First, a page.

If $E$ is a convex subset of $\mathbb{R}^n$ with $|E| = |B_1|$, then one consequence of the classical Alexandrov-Fenchel inequalities from convex geometry is that $$\int_{\partial E} H_{\partial E} \,ds \geq \int_{\partial B_1} H_{\partial B_1}\,ds,$$ where $H_{\Sigma}$ denotes the mean curvature of a surface $\Sigma$ (normalized, say, so that $H_{\partial B_1} = n-1$).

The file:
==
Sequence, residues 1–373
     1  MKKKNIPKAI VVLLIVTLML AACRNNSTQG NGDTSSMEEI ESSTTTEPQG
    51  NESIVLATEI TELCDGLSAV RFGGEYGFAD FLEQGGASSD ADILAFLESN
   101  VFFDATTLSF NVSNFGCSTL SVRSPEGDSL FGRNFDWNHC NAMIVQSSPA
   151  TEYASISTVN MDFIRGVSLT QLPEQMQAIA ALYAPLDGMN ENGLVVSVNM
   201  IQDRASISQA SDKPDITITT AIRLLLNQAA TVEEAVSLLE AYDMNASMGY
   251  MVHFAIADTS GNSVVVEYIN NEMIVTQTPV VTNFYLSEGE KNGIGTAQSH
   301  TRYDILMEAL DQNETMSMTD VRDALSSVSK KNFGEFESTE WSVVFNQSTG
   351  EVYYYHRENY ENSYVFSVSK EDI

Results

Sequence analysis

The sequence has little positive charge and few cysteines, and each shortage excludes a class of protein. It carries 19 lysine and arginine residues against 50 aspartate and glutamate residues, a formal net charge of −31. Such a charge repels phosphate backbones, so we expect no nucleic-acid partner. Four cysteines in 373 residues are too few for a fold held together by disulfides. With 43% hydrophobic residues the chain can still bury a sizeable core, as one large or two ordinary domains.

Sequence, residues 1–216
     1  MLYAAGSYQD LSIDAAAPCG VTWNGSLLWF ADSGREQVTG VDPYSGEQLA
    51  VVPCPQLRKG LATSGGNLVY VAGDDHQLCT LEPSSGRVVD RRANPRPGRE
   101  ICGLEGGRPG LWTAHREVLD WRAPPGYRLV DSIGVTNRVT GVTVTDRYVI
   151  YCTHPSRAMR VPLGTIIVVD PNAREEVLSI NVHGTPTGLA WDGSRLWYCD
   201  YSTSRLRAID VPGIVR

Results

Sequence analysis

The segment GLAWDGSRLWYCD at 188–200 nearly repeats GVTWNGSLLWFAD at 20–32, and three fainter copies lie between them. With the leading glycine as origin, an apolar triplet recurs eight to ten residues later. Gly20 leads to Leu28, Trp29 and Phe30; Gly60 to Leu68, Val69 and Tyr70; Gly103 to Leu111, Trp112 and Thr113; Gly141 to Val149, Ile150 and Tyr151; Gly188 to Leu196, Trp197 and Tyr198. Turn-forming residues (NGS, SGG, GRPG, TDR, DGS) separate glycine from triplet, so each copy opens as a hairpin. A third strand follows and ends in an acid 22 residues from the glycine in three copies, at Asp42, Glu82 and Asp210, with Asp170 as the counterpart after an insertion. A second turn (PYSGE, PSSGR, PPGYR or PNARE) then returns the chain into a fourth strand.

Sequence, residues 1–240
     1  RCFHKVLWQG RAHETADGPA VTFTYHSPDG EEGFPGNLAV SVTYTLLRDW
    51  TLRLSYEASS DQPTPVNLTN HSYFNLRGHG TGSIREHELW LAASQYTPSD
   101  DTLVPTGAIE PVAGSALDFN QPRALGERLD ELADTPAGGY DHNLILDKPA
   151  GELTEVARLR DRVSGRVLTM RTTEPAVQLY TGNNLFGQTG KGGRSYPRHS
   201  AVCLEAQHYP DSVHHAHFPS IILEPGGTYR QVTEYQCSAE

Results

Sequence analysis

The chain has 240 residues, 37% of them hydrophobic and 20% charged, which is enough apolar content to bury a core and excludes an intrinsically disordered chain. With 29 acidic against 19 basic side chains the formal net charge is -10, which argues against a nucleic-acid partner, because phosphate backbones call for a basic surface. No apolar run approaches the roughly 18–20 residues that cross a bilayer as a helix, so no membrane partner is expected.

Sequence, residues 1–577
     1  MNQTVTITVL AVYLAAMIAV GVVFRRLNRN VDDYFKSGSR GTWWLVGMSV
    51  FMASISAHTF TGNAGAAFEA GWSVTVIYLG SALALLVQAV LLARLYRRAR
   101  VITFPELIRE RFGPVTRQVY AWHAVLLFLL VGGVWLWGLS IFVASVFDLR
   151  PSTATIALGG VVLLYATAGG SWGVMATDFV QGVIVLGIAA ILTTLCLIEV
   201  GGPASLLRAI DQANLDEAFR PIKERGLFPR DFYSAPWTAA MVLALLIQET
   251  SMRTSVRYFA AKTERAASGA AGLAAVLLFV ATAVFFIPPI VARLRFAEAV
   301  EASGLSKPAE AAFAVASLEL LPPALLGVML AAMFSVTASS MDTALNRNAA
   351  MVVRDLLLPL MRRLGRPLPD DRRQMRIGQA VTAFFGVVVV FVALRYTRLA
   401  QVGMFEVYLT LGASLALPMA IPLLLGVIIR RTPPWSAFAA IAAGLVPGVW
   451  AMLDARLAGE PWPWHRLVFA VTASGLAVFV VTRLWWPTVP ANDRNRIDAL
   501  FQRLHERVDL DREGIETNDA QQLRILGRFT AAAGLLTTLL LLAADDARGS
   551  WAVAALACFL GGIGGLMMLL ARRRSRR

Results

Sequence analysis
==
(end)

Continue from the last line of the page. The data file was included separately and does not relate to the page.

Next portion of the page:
Can one generalize this inequality to sets that are not convex, but "semi convex" in the sense that all the boundary points have an exterior tangent ball of radius $r$? One candidate is: $$\int_{\partial E}\left( H_{\partial E} + \frac{n-1}{r}\right) \,ds \geq (?) \int_{\partial B_1}\left( H_{\partial B_1} + \frac{n-1}{r}\right) \,ds.$$ Intuitively, the extra term cancels the negative contributions from ``holes'' in $E$. In the plane there is an easy proof using Gauss-Bonnet and the isoperimetric inequality. There doesn't seem to be an obvious counterexample in higher dimensions.